The Arizona State University Bachelor of Science in Criminology… Continue reading
There seems to have been a rash of police officers arrested lately and I wonder what we as a profession are going to do about it.
We talk about the effects of stress on the job a lot here at CopsAlive.com and we talk about police officer suicide, alcohol abuse, divorce, domestic violence but this is one of the side effects that we don’t talk about too often. Is this representative of a few “bad apples” or is it a bigger issue of officers not being able to handle the stresses of the job. Does that mean we picked the wrong people for the job or did the job get to these men who were basically good people?
I recently had a very interesting interview with Gordon Graham. Gordon is a 33 year veteran of California Law Enforcement. His education as a Risk Manager and experience as a practicing Attorney, coupled with his extensive background in law enforcement, have allowed him to rapidly became recognized as a leading professional speaker in both private and public sector organizations with multiple areas of expertise.
In 1973 Gordon was selected as a candidate for a major west coast law enforcement agency. Thereafter, he proudly served as a motorcycle officer for most of his first ten years in the Los Angeles area. In addition to his patrol work, he helped design the first DUI task force, assisted in the development of the DRE (drug recognition program), was an instructor in the initial “Mod I and II” Haz Mat program, and wrote his first of many technical papers: “PCP–An Officer’s Survival Guide.”
Simultaneously he was furthering his formal education during his off hours. Spending two years at Long Beach State College under the tutelage of Dr. Richard Kaywood led to his receiving a Lifetime Teaching Credential.
Following this degree, he attended University of Southern California in their Institute of Safety and Systems Management.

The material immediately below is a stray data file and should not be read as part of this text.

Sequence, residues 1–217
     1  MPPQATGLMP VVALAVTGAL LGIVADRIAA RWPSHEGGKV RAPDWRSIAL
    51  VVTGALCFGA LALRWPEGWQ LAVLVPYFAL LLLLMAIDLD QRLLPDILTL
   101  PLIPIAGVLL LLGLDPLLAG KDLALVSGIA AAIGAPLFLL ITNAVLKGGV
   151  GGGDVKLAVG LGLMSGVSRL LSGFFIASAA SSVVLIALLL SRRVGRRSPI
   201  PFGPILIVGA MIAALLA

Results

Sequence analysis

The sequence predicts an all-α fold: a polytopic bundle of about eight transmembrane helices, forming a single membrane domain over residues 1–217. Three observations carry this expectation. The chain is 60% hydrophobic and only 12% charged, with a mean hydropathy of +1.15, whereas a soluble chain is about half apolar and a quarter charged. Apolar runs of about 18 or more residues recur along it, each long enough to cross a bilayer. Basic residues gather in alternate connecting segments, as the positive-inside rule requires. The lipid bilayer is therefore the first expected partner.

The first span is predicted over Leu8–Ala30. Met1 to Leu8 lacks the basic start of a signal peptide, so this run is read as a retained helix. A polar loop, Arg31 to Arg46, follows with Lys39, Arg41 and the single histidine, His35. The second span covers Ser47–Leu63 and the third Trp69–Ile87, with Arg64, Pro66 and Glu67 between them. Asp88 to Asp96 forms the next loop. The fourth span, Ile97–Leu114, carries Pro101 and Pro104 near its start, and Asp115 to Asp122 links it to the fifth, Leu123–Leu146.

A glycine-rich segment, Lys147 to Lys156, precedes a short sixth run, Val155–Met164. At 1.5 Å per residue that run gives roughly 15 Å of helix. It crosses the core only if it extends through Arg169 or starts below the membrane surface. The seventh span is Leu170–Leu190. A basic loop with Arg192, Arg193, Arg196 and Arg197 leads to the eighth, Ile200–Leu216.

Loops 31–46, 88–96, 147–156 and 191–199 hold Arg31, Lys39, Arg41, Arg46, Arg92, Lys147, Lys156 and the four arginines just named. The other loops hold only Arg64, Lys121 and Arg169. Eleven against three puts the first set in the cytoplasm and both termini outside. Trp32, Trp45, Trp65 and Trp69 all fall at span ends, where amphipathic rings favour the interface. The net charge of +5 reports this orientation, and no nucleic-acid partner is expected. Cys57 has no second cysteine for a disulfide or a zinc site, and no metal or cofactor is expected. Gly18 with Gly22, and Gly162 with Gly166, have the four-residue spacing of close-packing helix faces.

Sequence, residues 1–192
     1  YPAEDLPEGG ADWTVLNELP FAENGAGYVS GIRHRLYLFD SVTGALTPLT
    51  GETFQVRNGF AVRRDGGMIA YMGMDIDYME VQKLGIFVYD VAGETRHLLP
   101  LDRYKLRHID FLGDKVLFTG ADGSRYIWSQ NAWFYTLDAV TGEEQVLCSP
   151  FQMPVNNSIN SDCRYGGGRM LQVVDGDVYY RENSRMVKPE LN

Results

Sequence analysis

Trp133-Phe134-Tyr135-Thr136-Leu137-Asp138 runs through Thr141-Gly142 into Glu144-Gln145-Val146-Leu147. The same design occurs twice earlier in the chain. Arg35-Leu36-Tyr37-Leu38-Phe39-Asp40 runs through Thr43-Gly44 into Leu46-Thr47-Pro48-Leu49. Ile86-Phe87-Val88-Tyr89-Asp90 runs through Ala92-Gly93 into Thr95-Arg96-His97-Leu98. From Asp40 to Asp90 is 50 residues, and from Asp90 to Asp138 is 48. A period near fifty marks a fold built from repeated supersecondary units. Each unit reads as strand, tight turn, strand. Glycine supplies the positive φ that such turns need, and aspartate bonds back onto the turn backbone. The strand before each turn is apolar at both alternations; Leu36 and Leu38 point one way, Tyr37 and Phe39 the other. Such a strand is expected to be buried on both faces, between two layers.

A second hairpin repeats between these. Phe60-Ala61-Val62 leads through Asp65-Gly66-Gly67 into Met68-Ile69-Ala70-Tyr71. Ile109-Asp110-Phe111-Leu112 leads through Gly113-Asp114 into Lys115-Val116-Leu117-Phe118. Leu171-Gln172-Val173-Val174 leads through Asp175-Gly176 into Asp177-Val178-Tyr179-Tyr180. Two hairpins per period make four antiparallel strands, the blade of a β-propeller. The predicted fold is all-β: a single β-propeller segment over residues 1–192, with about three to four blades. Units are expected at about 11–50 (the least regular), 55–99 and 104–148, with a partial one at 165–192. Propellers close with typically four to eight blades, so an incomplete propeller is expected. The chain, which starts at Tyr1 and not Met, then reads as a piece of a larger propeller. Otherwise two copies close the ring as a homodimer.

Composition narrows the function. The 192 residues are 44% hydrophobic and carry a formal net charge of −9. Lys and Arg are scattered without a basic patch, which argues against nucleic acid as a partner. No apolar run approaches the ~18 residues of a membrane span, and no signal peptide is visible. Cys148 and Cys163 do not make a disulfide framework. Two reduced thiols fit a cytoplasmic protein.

After completing his Masters, his off duty time was then spent at Western State University School of Law, where he was graduated in 1982 with his Juris Doctorate. He passed the California Bar Exam the same year and opened his law offices in Hollywood, where he focused his efforts on family law, immigration and personal injury work.
In his law enforcement life, Gordon was promoted to Sergeant in 1982 and supervised his former unit–the motorcycle cops of his agency assigned to Los Angeles. He and his fellow Sergeants on “B” shift stressed the values… Continue reading
Recently I had the pleasure of interviewing Sean Riley the Founder and President of Safe Call Now, a crisis intervention program for law enforcement personnel located in the Seattle area of Washington State here in the U.S..
Safe Call Now works with over 400 volunteers to help law enforcement officers, fire fighters and other emergency service workers navigate through any crisis that might challenge their lives and careers.
The program has a very notable board of directors and has the backing of many state, local and federal organizations.
According to Washington State Lt. Governor Brad Owen
“the program was set up to help officers and their families through difficult circumstances. This confidential service… Continue reading
We recently had a chance to review the book “Don’t Look at Me in That Tone of Voice” and found it fascinating. We interviewed Author Rik D. Middleton who wrote the book at the urging of a friend who is with the Glendale California S.W.A.T. team and the state secretary for California Association of Hostage Negotiators. She had heard him speak on communications and asked if he could do the presentation for her team. Now using the book as part of his program Rik travels the country training law enforcement teams on “The Art of Visual Listening”. Rik is President of Sage Cadre Publishing and the Chief Operating Officer of ExecutivExpression Inc.
ExecutivExpression offers services that include accent reduction, as well as focusing on important subtle cultural and functional aspects of language and communication.
Guest Posting By: Brooke McKay, Marketing Coordinator, Concerns of Police Survivors, Inc.
I arrived at C.O.P.S. Spouses’ Retreat the weekend of September 18-21,
2009, at the YMCA Trout Lodge in Potosi, Missouri, after only one month
as the Marketing Coordinator for Concerns of Police Survivors. I knew
the organization dealt with death, dying, and grief; yet I was not
prepared for what I saw. I was instantly introduced to a young widow who
was there for the first time. She was 25 years old, just one year older
than me. While I smiled as I meet all the spouses, I could not get the
young widow out of my head.